<![CDATA[Viral neuroimmunology/Viral neuropathogenesis I]]> ]]> <![CDATA[Quasi-Herglotz functions and convex optimization]]>

We introduce the set of quasi-Herglotz functions and demonstrate that it has properties useful in the modelling of non-passive systems. The linear space of quasi-Herglotz functions constitutes a natural extension of the convex cone of Herglotz functions. It consists of differences of Herglotz functions and we show that several of the important properties and modelling perspectives are inherited by the new set of quasi-Herglotz functions. In particular, this applies to their integral representations, the associated integral identities or sum rules (with adequate additional assumptions), their boundary values on the real axis and the associated approximation theory. Numerical examples are included to demonstrate the modelling of a non-passive gain medium formulated as a convex optimization problem, where the generating measure is modelled by using a finite expansion of B-splines and point masses.

<![CDATA[Viral infections & autoimmune disease]]> ]]> <![CDATA[Analysis of Differentially Expressed MicroRNAs and Circulating Tumor Cells as Predictive Biomarkers of Platinum Chemoresistance in Primary Ovarian Carcinomas: A Prospective Study]]>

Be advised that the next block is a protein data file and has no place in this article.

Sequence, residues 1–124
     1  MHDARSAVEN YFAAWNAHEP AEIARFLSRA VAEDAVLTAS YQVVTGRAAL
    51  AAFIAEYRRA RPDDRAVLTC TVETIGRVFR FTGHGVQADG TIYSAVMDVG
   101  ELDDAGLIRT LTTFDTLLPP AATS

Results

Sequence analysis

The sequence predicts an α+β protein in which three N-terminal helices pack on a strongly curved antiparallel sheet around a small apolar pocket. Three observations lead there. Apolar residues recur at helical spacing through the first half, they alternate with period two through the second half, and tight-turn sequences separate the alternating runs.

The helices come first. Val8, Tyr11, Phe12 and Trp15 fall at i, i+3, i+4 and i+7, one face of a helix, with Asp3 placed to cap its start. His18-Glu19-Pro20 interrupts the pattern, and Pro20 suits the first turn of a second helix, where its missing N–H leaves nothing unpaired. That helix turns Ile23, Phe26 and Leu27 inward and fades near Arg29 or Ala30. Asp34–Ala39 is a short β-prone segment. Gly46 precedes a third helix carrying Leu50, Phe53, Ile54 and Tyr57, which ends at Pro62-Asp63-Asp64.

Lesson Learned.

  • Circulating tumor cells, microRNA markers, or other biomarkers merit examination as part of correlative scientific analyses in prospective clinical trials.


Platinum chemotherapy resistance occurs in approximately 25% of patients with ovarian carcinoma; however, no biomarkers of ovarian carcinoma chemoresistance have been validated. We performed a prospective trial designed to identify tumor‐based predictive biomarkers of platinum resistance.


Tumor specimens were collected from 29 women with newly diagnosed histopathologically proven primary ovarian carcinoma. Of these, 23 women had specimens accessible for assessment and outcome data available regarding chemosensitive versus chemoresistance status via review of the medical record. Tumor slices were stained with antibodies against two microRNAs (miRNAs 29b and 199a) differentially expressed in chemoresistant ovarian cancer cell lines. Additionally, blood samples obtained at the time of diagnosis were analyzed for the presence of circulating tumor cells (CTCs).


The average age of the patients was 64 years, and 82.6% had high‐grade epithelial carcinomas. The baseline median CA‐125 was 464 (range 32–2,782). No statistically significant differences were observed in miR29b or 199a expression in platinum‐resistant/refractory versus platinum‐sensitive tumors. Furthermore, the presence of CTCs was not found to be statistically significantly predictive of eventual platinum resistance.


Our analysis showed no differences in miR29b and 199a expression, and differences in baseline CTCs in women with newly diagnosed ovarian tumors were not statistically significant.